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Дата изменения: Fri May 5 20:20:19 2000
Дата индексирования: Tue Oct 2 04:04:18 2012
A new PhD student, David García Alvarez, began work with Dr John Butler and Professor Gerry Doyle in October 1999 to continue the analysis and modelling of stellar flares started by Eric Houdebine and John Butler in the late 1980s and early 1990s, subsequently continued by Darko Jevremovic from 1995-1999. Dr Jevremovic completed his thesis (`Hydrogen Balmer Lines in Stellar Flares') and was awarded his degree in 1999.
In his thesis work, Darko Jevremovic developed a new tool for analysing the Balmer decrements which made it possible to estimate the electron density and electron temperature of the flare plasma and the temperature of the underlying background source. Applied to data of flares on Gliese866 he was able to estimate the area of hydrogen emitting flare regions as 1-13% of the stellar surface. The physics of the flare process was taken back a further stage towards its initial cause by the development of a new gas-dynamic radiative transfer code with heating by energetic electron beams. This code satisfactorily predicted the behaviour of the H line during a flare observed on ADLeo with the William Herschel Telescope (WHT) in 1998.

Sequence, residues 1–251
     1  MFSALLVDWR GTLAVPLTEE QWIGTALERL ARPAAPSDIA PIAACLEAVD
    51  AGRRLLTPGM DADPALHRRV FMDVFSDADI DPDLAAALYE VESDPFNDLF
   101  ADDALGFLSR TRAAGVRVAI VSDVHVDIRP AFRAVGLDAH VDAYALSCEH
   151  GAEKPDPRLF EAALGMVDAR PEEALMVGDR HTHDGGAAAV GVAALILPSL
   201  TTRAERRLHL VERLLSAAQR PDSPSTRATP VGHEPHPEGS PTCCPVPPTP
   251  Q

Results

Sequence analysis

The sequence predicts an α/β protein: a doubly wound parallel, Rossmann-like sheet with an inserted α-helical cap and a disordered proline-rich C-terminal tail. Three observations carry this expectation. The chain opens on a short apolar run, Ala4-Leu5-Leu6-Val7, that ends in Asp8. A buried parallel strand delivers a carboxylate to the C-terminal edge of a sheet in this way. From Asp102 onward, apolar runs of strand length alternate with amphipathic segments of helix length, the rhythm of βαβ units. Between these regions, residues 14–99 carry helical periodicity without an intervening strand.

A paper with Dr Armin Theissen, giving full details of the astrometric and photometric observations of the open cluster Stock2, has been accepted for publication. Proposals for follow-up medium-resolution and high-resolution spectroscopic observations of probable members of this cluster did not receive the requisite allocation of telescope time, and as a result it was decided to adopt a different and less observationally demanding approach to our goal of establishing the rotational velocities of cluster members. This involved photometric monitoring using a wide-field CCD camera on a medium-sized telescope. Seven nights were awarded on the 1m Ritchey-Chrétien Telescope at Siding Spring by the Mount Stromlo and Siding Spring Observatory in February 1999 and again in January 2000. In the first run, mediocre weather conditions prevented successful photometric tranfers, but did allow some variability studies to be made. During the second run, in January 2000, two photometric nights allowed photometric transfers to be completed. The data are in the process of reduction and analysis.